Saliva-based test for easier hepatitis E detection
- Hepatitis E virus (HEV) is less well-known than other hepatitis-causing viruses
- Annually, it infects 20 million people mostly in South Asia and parts of Africa
- Saliva-based test could improve the fight against the disease
Developed at the Johns Hopkins Bloomberg School of Public Health, Baltimore, the saliva test — described by researchers in a study published last month (July) in the Journal of Immunological Methods — is capable of assessing with high accuracy both current and past HEV infections, making it useful for epidemiologists tracking the disease and identifying the source.
“An easier diagnostic method could have substantial yields in terms of success of preventative interventions.”
Christopher Heaney, Johns Hopkins Bloomberg School of Public Health
“Tracking outbreaks and reducing HEV infection rates have been limited by difficulties in timely diagnosis,” says Christopher Heaney, one of the researchers and professor in the department of environmental health and engineering at Johns Hopkins. “An easier diagnostic method could have substantial yields in terms of success of preventative interventions.”
HEV is not as well-known as the other viruses that cause hepatitis. Nonetheless, the virus infects an estimated 20 million people annually worldwide, according to the WHO. Outbreaks of HEV occur mostly in the South Asian countries of Bangladesh, India, Nepal and Pakistan and in regions of Africa that have poor access to sanitation and clean water.
HEV infection is usually self-limiting and resolves within 2—6 weeks, but some individuals go on to develop fulminant hepatitis, or acute liver failure, which can be fatal. At risk are pregnant women, with up to 30 per cent dying from the infection.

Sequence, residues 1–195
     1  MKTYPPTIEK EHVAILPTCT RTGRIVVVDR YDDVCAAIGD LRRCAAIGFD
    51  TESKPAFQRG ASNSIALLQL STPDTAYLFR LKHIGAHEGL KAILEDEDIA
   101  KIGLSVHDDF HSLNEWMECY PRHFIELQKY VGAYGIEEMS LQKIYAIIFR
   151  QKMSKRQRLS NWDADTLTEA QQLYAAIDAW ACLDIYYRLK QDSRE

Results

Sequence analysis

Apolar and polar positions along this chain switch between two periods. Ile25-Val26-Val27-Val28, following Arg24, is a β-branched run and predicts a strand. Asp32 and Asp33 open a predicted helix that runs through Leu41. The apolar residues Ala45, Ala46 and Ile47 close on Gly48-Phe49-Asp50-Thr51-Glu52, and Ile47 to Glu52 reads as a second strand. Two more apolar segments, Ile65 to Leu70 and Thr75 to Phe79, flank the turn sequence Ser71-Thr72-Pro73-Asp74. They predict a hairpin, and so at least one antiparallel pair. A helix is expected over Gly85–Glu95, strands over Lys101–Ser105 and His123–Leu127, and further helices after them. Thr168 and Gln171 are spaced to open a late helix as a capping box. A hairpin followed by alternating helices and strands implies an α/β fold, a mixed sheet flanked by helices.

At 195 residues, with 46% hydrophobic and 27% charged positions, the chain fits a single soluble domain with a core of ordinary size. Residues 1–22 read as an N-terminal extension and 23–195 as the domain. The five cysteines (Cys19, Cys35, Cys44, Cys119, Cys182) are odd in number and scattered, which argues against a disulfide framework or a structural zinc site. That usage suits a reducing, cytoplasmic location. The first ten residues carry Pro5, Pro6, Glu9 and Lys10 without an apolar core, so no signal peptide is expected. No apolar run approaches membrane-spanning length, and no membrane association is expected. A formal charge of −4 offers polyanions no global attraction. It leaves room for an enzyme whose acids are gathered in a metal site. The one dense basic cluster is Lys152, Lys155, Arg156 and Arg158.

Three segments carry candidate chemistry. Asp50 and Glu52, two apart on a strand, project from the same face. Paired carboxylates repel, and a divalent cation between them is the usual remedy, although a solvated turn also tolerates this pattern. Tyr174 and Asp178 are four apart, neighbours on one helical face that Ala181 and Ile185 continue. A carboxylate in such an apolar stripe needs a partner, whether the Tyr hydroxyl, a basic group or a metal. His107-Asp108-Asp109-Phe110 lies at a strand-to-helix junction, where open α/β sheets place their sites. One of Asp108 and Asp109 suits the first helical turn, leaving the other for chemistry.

To determine how the saliva test compares with the standard ELISA (enzyme-linked immunosorbent assay), which looks for antibodies in blood, Bloomberg School researchers worked with colleagues at a clinical diagnostics centre in Dhaka, Bangladesh.
The saliva test scored a high 98.7 per cent sensitivity and 98.4 per cent specificity for past infections. For recent infections, sensitivity and specificity were 89.5 per cent and 98.3 percent, respectively.
“The performance of our salivary hepatitis E assay was comparable to the serum-based ELISA test, particularly for assessment of past HEV infection,” Heaney says. “This is important because we could investigate population-level HEV sero-prevalence without a needle stick, and screen many more individuals to obtain more accurate spatial and temporal distribution of HEV.” The new test could be particularly useful in limited resource settings in Asia and Africa where waterborne genotypes of HEV cause large outbreaks of hepatitis, says Heaney. “It can alleviate the burden of blood collection among vulnerable populations of pregnant women and refugees in conflict zones such as Niger and Sudan.”
Emily Gurley, a scientist and contributor to the WHO working group on HEV vaccines, says that the saliva-based test makes it easier to get people to participate in population-based estimates of past infection.
“This new tool could increase the ease of studying hepatitis E, leading to better burden of disease estimates and improved understanding of transmission,” says Gurley.
This piece was produced by SciDev.Net’s Asia & Pacific desk.